Author: Laurie Halse Anderson
Publisher: Puffin, 2001
Where I got it: I bought it from Barnes & Noble.
Melinda Sordino is a freshman in high school. She is also a pariah, an outcast for reasons which are slowly revealed through the telling of her story. Her friends abandon and revile her, leaving her to fend for herself in a new school where everyone seems to hate her. She refuses to speak, except in her own head, where we as the reader's are able to see her thoughts, observations, and fears.
Speak is very powerful and frustrating at the same time. Melinda's silence is her idea of staying safe, and readers will want her to speak, to tell her story. Unfortunately, she doesn't quite realize what happened to her at that party right away and can't tell anyone what she went through, or must go through during the course of her freshman year as a social outcast. Her grades suffer, she has no social life, and yet she continues to live day after day, just trying to get through high school without having a breakdown. And what a disturbing look at high school we're given. High school was not that bad for me—it makes me wonder how many high schools out there are actually that cliquey.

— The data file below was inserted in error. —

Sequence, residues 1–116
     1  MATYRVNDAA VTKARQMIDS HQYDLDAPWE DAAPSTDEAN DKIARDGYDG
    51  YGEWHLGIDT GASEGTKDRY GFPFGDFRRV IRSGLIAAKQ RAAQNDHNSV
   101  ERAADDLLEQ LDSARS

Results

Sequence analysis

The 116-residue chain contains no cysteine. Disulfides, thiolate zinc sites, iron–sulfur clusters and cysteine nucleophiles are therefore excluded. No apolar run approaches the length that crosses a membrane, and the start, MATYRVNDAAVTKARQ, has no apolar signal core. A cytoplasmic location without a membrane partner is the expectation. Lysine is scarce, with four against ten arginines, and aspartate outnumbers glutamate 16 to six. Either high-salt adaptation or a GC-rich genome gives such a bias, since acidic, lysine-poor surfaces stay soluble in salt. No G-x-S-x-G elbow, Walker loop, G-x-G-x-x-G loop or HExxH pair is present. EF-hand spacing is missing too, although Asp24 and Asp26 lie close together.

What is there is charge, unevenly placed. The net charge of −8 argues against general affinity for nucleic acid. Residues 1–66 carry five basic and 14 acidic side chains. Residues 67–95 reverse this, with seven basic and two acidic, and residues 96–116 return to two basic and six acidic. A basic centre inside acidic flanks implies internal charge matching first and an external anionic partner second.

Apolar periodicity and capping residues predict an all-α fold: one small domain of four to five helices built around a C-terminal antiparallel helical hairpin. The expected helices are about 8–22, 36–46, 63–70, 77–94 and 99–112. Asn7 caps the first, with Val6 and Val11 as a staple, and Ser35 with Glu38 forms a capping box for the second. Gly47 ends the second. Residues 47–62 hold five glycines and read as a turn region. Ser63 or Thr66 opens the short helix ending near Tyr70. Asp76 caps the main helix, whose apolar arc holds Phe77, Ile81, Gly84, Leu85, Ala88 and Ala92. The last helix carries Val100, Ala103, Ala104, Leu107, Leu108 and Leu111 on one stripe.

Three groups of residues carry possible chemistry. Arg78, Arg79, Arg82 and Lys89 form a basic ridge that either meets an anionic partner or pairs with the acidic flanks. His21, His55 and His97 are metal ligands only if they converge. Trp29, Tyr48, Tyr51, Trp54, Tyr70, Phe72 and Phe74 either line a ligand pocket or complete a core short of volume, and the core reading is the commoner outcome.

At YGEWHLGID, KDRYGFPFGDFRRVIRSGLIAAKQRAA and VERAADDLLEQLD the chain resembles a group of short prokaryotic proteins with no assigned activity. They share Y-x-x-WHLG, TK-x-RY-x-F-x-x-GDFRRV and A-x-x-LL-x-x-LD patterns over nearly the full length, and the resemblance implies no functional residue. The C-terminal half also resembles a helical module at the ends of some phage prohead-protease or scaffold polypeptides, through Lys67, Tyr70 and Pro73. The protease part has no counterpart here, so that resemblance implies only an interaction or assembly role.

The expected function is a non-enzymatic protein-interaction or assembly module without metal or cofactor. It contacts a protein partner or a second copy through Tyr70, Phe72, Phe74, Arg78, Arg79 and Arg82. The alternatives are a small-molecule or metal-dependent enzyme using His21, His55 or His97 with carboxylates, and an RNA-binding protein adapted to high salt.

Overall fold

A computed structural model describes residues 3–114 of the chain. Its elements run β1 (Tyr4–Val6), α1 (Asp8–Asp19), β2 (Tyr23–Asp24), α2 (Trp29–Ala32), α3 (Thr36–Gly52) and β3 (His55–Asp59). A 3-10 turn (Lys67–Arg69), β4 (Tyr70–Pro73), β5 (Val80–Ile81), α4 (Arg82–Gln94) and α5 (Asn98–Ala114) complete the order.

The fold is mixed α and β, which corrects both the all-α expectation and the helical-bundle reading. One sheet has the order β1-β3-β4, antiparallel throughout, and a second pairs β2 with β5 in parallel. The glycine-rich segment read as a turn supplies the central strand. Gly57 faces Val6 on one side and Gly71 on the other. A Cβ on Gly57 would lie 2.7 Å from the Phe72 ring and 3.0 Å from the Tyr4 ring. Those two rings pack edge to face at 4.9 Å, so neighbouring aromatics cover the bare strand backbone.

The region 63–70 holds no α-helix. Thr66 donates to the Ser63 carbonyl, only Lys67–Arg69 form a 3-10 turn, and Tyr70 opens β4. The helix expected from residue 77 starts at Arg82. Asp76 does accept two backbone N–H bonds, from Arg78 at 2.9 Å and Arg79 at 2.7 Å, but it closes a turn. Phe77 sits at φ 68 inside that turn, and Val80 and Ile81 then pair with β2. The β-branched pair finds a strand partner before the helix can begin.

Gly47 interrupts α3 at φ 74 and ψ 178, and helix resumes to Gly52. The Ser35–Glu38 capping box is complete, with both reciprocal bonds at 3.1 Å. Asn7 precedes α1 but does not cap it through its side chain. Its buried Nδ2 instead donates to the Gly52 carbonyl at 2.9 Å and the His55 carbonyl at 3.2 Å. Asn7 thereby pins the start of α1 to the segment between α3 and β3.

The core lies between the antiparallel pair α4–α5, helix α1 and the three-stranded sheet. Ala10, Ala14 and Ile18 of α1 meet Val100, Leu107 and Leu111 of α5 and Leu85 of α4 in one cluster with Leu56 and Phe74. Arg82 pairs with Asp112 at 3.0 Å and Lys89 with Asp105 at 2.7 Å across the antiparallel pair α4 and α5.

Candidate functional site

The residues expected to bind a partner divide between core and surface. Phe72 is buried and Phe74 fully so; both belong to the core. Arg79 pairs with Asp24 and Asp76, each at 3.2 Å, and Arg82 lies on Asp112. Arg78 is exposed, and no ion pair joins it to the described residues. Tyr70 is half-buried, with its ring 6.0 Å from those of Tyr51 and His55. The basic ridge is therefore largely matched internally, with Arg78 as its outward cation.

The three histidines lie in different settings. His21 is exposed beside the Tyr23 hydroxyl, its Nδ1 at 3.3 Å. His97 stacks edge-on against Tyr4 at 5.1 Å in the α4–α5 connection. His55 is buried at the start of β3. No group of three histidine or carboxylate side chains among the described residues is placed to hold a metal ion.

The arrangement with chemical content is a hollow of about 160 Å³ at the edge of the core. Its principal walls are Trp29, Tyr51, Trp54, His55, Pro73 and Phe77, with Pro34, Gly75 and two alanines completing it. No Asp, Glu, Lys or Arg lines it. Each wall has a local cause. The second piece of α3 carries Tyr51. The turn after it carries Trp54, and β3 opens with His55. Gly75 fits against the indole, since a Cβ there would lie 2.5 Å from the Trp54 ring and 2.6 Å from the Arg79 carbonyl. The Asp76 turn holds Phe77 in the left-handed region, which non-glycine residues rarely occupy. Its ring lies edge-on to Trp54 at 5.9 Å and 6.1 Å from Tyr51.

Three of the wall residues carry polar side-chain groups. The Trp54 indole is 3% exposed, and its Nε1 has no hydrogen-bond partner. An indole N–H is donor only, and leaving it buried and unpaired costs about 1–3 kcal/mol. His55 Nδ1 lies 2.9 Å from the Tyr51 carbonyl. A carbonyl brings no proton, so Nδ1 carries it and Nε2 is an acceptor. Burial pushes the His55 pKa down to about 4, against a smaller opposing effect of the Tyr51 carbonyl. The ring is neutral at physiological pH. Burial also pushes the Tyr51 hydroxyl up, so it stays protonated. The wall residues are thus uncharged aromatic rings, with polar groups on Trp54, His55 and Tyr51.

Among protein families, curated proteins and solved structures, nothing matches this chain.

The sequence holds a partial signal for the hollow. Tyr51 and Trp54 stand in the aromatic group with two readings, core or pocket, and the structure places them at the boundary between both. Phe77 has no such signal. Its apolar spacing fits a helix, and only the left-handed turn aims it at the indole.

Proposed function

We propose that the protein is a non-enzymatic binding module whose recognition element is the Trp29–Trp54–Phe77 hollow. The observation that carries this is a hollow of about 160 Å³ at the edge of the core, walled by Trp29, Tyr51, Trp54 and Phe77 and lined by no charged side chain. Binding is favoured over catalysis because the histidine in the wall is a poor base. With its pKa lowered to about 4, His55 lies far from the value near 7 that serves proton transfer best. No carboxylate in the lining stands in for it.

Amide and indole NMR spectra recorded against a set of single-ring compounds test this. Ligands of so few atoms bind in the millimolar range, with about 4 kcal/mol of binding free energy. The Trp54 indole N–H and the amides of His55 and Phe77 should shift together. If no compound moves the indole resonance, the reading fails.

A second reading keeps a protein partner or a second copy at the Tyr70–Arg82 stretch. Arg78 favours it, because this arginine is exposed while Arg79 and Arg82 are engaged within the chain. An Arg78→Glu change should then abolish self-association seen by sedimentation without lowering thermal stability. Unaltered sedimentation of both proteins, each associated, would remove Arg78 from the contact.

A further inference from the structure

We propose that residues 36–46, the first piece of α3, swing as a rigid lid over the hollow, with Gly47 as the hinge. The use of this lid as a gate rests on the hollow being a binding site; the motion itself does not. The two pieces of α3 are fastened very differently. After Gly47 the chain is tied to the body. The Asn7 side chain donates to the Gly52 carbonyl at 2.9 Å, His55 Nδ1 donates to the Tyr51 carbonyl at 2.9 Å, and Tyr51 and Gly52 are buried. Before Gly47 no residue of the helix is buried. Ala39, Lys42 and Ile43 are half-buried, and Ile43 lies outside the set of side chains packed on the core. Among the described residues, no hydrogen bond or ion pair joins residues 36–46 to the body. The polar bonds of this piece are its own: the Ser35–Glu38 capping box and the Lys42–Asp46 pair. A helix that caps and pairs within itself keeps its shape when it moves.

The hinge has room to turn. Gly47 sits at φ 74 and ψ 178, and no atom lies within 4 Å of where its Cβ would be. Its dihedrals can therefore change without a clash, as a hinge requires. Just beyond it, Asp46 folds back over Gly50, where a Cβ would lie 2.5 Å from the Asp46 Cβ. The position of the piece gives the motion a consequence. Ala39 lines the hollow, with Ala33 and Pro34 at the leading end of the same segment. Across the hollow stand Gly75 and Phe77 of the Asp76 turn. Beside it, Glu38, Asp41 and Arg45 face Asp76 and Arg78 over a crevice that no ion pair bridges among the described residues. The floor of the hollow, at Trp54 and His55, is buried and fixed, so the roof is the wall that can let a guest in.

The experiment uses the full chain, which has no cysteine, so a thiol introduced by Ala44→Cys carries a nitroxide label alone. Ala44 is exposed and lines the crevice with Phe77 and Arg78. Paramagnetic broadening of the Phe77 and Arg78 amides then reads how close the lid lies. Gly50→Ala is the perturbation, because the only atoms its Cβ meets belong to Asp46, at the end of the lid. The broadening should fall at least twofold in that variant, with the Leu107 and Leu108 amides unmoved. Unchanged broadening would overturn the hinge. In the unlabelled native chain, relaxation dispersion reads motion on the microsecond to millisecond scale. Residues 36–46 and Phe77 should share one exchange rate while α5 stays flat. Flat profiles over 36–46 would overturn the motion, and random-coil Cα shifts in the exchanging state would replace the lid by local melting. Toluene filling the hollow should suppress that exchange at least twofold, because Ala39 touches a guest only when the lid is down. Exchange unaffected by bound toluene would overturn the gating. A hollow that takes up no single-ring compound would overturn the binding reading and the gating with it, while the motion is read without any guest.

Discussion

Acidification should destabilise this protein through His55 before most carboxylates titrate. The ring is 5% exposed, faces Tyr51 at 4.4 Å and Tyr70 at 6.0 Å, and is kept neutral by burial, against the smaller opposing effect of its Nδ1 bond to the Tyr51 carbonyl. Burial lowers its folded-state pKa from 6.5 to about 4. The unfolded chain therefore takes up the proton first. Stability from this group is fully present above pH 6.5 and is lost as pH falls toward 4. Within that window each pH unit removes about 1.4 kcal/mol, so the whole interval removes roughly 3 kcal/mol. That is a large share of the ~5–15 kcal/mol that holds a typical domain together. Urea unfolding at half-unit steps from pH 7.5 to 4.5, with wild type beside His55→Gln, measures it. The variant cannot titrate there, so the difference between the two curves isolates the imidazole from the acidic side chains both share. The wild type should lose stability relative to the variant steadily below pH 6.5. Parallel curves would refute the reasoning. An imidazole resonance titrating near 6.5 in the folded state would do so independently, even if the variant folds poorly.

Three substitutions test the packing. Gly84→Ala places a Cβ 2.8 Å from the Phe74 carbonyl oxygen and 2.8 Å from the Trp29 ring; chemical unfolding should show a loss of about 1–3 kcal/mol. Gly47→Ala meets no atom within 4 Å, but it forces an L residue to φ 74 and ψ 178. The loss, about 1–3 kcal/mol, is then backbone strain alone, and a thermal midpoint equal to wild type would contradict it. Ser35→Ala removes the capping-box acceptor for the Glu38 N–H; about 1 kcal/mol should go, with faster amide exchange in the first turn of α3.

Being inside Melinda's head allows us to experience her pain, embarrassment, ennui, bitterness, cynicism, and occasionally small joys. We see all of her thoughts, including the horrifying piece-by-piece reconstruction of the party that changed her life and what exactly happened. Though she tries to block it out completely, brief images flit through her head that end up giving us a more complete story. We don't find out what happened until she admits it to herself.
I also really loved how she was working through her emotions through her art projects. Though it wasn't quite the same as speaking up, art did give her a way to cry out for help and work through some of her issues; it is her emotional outlet.
Halse Anderson's language is perfect for Melinda's story. Melinda's voice is bitingly sarcastic, and often very funny despite the seriousness of her situation. Repetition and stream of consciousness are used frequently, and with very evocative and satisfying results. It gives us a clearer picture of what Melinda is going through.
Speak is a very powerful and inspiring story of an outcast in high school that must admit first to herself and then to the rest of the world that she is a victim, and then rise above it. But as many of you know, it has recently come under fire for distressing reasons. You can read my response to that here.